Category Archives: Thailand

Bangkok and Yangon

With a new job offer in hand, I racked my brain for my next impromtu trip, as I think that job transitions should always incorporate some personal time off (if possible).  I had been weighing my options and was leaning towards a trip to Colombia when my high school friend, Trish, told me she was going to Myanmar for exactly the same two weeks I was heading out of the country.  After a few minutes of G-chatting, I was on and bought my ticket to Bangkok and onto Yangon!

First, Trish and I flew into Bangkok and spent 2 days together there while we got our Burmese visas.  It was a great opportunity for me to get two custom made suits.  I paid $171 per suit and had custom made suits 24 hours after walking into the tailor’s shop.

My father had warned against the political protests in Bangkok, sending me email after email about the “situation in Bangkok”.  Upon arrival, we learned that there were 8 sanctioned protest sites.  Unbeknownst to us, we chanced on a protest site on Sukhumvit Street and found the street lined with tents, vendors selling t-shirts that said “Shutdown Bangkok, Restart Thailand”.  There was a stage with performers, but there was no violence.

Tents line Sukhumvit, part of the political protest

After our brief stint in Bangkok, we boarded an AirAsia flight to Yangon, went to bed immediately as we knew we had a full day the next day.

On our first full day in Yangon, we visited the Shewdagon Pagoda in Yangon, which is the most important religious site for Burmese.

Entrance to Shewdagon Pagoda
Shewdagon Pagoda

In the afternoon, we took the Circle Train, which goes through the Yangon “suburbs”.  It was interesting to watch life come and go, to pass by markets set up at the train station, to see the houses change from sturdy structures to huts, to see the hawkers selling fruit and corn, and to see the women farmers enter and exit the train with 6 cumbersome bundles of cauliflower, tomatoes, and other vegetables.

Locals on the Circle Line train around Yangon’s “suburbs”

Watching boys as young as 12 with rotten, red-stained teeth from months or years of chewing on the addicting betel nut and spitting the juice out the door of the train was sad.  Yet, seeing the locals sit on the train for an hour or more, content to watch life go by, with nary a book, or a smartphone to entertain them, was an important reminder that life – without distractions of the modern world – is enough to content us.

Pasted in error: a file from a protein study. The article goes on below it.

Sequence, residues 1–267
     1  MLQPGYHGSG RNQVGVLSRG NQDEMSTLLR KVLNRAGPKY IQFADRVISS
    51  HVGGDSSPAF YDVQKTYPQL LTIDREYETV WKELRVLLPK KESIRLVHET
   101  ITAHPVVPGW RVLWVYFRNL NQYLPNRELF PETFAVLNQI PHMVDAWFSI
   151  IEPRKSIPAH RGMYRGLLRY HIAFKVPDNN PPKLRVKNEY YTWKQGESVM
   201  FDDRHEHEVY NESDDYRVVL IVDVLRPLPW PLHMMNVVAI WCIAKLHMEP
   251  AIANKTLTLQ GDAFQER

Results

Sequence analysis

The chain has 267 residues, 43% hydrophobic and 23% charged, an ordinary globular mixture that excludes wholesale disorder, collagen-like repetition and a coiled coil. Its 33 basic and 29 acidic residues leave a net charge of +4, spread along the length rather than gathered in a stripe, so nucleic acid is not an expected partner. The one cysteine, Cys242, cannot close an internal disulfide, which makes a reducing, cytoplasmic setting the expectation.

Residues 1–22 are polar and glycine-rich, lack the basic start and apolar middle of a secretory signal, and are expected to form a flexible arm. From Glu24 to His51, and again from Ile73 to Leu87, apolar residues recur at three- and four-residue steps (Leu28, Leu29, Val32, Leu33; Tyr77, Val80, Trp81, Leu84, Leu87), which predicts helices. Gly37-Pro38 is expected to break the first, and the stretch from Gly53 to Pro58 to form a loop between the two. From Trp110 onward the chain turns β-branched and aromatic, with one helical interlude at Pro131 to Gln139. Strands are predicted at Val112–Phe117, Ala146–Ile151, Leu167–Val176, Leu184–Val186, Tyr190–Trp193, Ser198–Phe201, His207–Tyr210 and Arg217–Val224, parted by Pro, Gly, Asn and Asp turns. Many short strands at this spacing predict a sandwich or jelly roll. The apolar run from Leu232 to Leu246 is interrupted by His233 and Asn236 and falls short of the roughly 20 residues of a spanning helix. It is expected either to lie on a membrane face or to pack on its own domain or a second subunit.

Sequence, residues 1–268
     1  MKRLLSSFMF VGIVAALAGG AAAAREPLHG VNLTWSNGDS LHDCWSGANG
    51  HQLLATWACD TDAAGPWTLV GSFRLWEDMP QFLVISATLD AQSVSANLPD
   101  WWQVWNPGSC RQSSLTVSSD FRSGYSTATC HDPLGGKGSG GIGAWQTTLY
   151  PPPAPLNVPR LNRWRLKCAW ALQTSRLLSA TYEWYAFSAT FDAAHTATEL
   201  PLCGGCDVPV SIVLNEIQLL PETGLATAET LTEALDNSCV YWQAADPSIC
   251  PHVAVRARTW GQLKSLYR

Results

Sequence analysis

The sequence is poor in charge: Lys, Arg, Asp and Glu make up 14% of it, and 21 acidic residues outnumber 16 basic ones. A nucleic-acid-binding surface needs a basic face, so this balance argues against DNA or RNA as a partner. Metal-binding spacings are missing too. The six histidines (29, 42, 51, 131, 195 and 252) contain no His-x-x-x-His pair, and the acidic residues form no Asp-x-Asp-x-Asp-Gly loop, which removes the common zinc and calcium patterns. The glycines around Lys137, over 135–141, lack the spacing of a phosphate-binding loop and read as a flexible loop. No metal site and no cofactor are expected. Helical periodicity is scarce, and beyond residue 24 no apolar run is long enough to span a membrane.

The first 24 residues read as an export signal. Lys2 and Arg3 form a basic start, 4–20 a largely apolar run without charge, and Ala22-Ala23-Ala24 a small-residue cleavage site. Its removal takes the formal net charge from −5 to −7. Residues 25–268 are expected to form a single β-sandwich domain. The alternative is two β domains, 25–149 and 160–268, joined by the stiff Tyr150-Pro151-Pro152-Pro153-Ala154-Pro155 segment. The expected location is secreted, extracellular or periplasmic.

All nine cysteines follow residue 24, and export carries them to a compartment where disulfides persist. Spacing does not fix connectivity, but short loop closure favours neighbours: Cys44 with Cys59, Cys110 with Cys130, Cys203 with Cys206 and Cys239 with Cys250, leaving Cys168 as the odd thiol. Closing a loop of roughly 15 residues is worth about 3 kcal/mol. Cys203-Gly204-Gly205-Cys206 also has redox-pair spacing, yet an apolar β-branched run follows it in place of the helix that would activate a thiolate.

A prisoner laughs while handcuffed and accompanied on the train.

Final Thoughts

So now I’m on my way home, flying over the Pacific as I type. I honestly can’t believe how quickly these past few months have passed, but on the other hand, I feel so fortunate to have experienced so much in such a short period of time. I just finished watching a movie on the plane – a nice, no-brainer chick-flick and there was one line it that really resonated with me. It basically said that life is half what you do with yourself and half about who you spend your time with. I can’t iterate enough how much my personal experiences were shaped (mostly for the good) by the people I was with. Had I done this trip completely alone, it’d have been awful. But as I’ve said before, and I’ll say again – that’s the best part of traveling – meeting people.

In the past 109 days, I’ve taken 2 overnight plane flights, camped on a beach for 2 nights, spent 5 nights on bus, took 2 overnight train rides and slept in 59 different beds (yes, I counted). I’ve taken 18 separate flights (well, by the time I get back to Chicago). I can’t even count the number of buses, tuk-tuk rides, rickshaws, motorbike rides, etc that I’ve taken. I walked 150 miles in 14 days, trekked to 5416 meters, rock climbed in Thailand, surfed in Bali, climbed south east Asia’s tallest mountain, white-water rafted in Bali, saw orangutans in the jungle, climbed a sulfur-spewing volcano in Sumatra, experienced new cultures, met amazing new friends, saw beautiful sunrises and sunsets, relaxed on the beach in “paradise,” did yoga in India, discovered new food, and through it all, had such an amazing time.

My time over the past 3.5 months was divided between Malaysia, Indonesia, Singapore, Nepal, India and Thailand. I think it’s interesting to note that the 3 wealthiest countries (that I visited on this trip) are Malaysia, Thailand and Singapore. I noticed a few differences between the wealthier countries and the poorer ones. For one, the wealthier countries tend to have more cars, whilst the poorer ones either rely more on motorbikes or foot for transportation. The other difference, which I find quite notable, is that in the wealthier countries, women play a very visible role. They have jobs and interact with the public. They are seen out at night – sometimes even alone. In Indonesia, Nepal and India, local women are seen from a bus window, or seen in groups, or seen with families, but they don’t run shops, they rarely interact with tourists and they’re hardly ever seen after the sun goes down. In most places, it’s ok being a western woman (sometimes alone) at night, but India, it just doesn’t feel safe. That’s probably due in part to the “staring” culture that’s more noticeable than anywhere else I’ve been. It’s just interesting, because I believe that women play a vital role to a country’s development and to me, I’d say that the developing countries should work on making a women’s role in everyday life a more visible and vital one.